• Operating system architecture: Choose the architectures needed to install the app.
  • Minimum operating system: Select the minimum operating system needed to install the app.
  • Disk space required (MB): Optionally, add the free disk space needed on the system drive to install the app.
  • Physical memory required (MB): Optionally, add the physical memory (RAM) required to install the app.
  • Minimum number of logical processors required: Optionally, add the minimum number of logical processors required to install the app.
  • Minimum CPU speed required (MHz): Optionally, add the minimum CPU speed required to install the app.
  • Configure additional requirement rules:
    1. Select Add to display the Add a Requirement rule pane and configure more requirement rules. Select the Requirement type value to choose the type of rule that you'll use to determine how a requirement is validated. Requirement rules can be based on file system information, registry values, or PowerShell scripts.
      • File: When you choose File as the Requirement type value, the requirement rule must detect a file or folder, date, version, or size.
        • Path: The full path of the folder that contains the file or folder to detect.
        • File or folder: The file or folder to detect.
        • Property: Select the type of rule used to validate the presence of the app.
        • Associated with a 32-bit app on 64-bit clients: Select Yes to expand any path environment variables in the 32-bit context on 64-bit clients. Select No (default) to expand any path variables in the 64-bit context on 64-bit clients. 32-bit clients will always use the 32-bit context.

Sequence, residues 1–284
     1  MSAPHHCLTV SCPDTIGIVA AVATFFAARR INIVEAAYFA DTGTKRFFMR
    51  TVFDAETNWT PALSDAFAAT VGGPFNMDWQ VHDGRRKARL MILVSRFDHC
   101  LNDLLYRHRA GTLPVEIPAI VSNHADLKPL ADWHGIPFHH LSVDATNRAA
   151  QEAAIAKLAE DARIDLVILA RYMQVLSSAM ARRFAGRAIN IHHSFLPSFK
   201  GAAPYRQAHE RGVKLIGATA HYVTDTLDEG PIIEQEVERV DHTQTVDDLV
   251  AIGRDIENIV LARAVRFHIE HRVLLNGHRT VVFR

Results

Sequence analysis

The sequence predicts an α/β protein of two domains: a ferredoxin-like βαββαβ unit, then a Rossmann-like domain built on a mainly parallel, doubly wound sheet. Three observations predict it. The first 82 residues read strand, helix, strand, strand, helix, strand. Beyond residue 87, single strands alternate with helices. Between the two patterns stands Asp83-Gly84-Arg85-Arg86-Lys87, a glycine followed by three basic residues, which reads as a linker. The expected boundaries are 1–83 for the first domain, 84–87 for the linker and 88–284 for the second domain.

• Registry: When you choose Registry as the Requirement type value, the requirement rule must detect a registry setting based on value, string, integer, or version.
        • Key path: The full path of the registry entry that contains the value to detect.
        • Value name: The name of the registry value to detect. If this value is empty, the detection will happen on the key. The (default) value of a key will be used as detection value if the detection method is other than file or folder existence.
        • Registry key requirement: Select the type of registry key comparison that's used to determine how the requirement rule is validated.
        • Associated with a 32-bit app on 64-bit clients: Select Yes to search the 32-bit registry on 64-bit clients. Select No (default) to search the 64-bit registry on 64-bit clients. 32-bit clients will always search the 32-bit registry.
      • Script: Choose Script as the Requirement type value when you can't create a requirement rule based on file, registry, or any other method available to you in the Intune console.
        • Script file: For a rule based on a PowerShell script requirement, if the existing code is 0, we'll detect the standard output (STDOUT) in more detail. For example, we can detect STDOUT as an integer that has a value of 1.
        • Run script as 32-bit process on 64-bit clients: Select Yes to run the script in a 32-bit process on 64-bit clients. Select No (default) to run the script in a 64-bit process on 64-bit clients. 32-bit clients run the script in a 32-bit process.
        • Run this script using the logged on credentials: Select Yes to run the script by using the signed-in device credentials.
        • Enforce script signature check: Select Yes to verify that a trusted publisher has signed the script, which will allow the script to run with no warnings or prompts displayed. The script will run unblocked. Select No (default) to run the script with user confirmation without signature verification.